FFRF to Va. school board: Don’t open meetings with prayer

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The Freedom From Religion Foundation is urging the York County School Board in Yorktown, Va., to rescind its decision to open official meetings with prayer.

A concerned district community member reported that during the board’s meeting on Jan. 8, it voted unanimously to impose prayer on students, parents and community members at its meetings. Video of the meeting shows Vice Chair Kimberly Goodwin stating she wanted to “invite local clergy to open our board up with prayer.” When asked whether the prayer would be before all meetings, or just the regular meetings where students, parents and community members would be present, Goodwin noted that she just wanted prayer at the regular meetings.

“It is beyond the scope of a public school board to conduct, or allow others to conduct, prayer as part of its meetings,” FFRF Staff Attorney Chris Line writes to Chair Lynda Fairman.

The Supreme Court has consistently struck down prayers offered at school-sponsored events. In striking down a school board’s prayer practice, the 9th U.S. Circuit Court of Appeals reaffirmed in FFRF v. Chino Valley Unified School District Board of Education that Establishment Clause concerns are heightened in the context of public schools “because children and adolescents are just beginning to develop their own belief systems, and because they absorb the lessons of adults as to what beliefs are appropriate or right.” The Chino Valley Unified School District was ordered to pay more than $275,000 in plaintiffs’ attorney fees and costs to the Freedom From Religion Foundation. If the board starts opening its meetings with prayer it will subject the school district to unnecessary liability and potential financial strain.

Students and parents have the right — and often reason — to participate in school board meetings. It is coercive, insensitive and intimidating to force nonreligious citizens, such as FFRF’s complainant, to choose between making a public showing of their nonbelief by refusing to participate in the prayer or else display deference toward a religious sentiment in which they do not believe but which their school board members clearly do. Board members are free to pray privately or to worship on their own time in their own way. Needlessly including prayer at board meetings excludes those among the 37 percent of Americans who are non-Christians, including the 49 percent of Generation Z that is religiously unaffiliated.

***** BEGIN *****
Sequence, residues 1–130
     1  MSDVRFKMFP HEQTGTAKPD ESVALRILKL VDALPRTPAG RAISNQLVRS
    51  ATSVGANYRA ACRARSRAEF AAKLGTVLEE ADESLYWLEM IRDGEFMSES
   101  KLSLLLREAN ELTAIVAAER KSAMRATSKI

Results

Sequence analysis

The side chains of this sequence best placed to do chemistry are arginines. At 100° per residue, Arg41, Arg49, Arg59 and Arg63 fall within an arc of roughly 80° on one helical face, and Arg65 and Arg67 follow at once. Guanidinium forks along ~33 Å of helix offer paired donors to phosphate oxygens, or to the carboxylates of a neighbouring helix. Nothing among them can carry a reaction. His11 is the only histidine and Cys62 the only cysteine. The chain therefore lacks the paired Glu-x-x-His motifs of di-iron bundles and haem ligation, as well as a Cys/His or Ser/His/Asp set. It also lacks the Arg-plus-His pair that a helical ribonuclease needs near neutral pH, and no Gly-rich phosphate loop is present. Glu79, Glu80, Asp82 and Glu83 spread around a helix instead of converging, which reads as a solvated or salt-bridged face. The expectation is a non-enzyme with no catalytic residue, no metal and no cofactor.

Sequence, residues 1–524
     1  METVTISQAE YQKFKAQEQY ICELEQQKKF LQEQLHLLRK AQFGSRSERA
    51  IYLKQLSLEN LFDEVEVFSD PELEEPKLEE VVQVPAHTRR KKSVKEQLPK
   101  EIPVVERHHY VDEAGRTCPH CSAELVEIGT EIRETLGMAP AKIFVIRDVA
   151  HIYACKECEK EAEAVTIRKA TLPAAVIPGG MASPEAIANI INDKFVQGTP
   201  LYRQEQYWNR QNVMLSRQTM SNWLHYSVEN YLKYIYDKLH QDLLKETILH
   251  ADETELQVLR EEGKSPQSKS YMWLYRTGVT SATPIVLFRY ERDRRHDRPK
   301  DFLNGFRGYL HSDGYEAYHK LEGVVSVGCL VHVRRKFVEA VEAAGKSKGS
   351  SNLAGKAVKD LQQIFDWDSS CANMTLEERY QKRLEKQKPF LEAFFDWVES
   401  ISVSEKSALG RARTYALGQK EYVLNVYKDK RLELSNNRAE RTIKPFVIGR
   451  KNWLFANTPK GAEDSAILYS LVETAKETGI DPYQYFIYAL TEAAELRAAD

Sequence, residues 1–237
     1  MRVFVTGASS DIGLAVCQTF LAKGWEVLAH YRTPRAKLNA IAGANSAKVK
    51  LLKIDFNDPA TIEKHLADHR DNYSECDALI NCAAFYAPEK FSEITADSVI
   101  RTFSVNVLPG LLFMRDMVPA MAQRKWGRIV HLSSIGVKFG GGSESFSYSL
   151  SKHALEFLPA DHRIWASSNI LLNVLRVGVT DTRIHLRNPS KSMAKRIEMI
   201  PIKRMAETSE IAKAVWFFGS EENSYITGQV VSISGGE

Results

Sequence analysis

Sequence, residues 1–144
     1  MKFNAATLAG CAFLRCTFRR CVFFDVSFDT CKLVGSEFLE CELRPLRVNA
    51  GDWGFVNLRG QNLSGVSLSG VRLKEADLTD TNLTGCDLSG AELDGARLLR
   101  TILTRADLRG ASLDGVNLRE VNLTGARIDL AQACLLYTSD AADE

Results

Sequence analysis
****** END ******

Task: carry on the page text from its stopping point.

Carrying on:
In order to respect both the First Amendment and the religious diversity of the community, FFRF is asking the board to rescind its decision to unconstitutionally include prayers at future meetings.

“Public schools exist to educate, not indoctrinate into religion,” says FFRF Co-President Annie Laurie Gaylor. “The school board needs to respect the right of conscience of students, family members and the community at large.”

You can read FFRF’s full letter here.

The Freedom From Religion Foundation is a national nonprofit organization with more than 40,000 members across the country, including close to 1,000 members in Virginia. Our purposes are to protect the constitutional principle of separation between state and church, and to educate the public on matters relating to nontheism.

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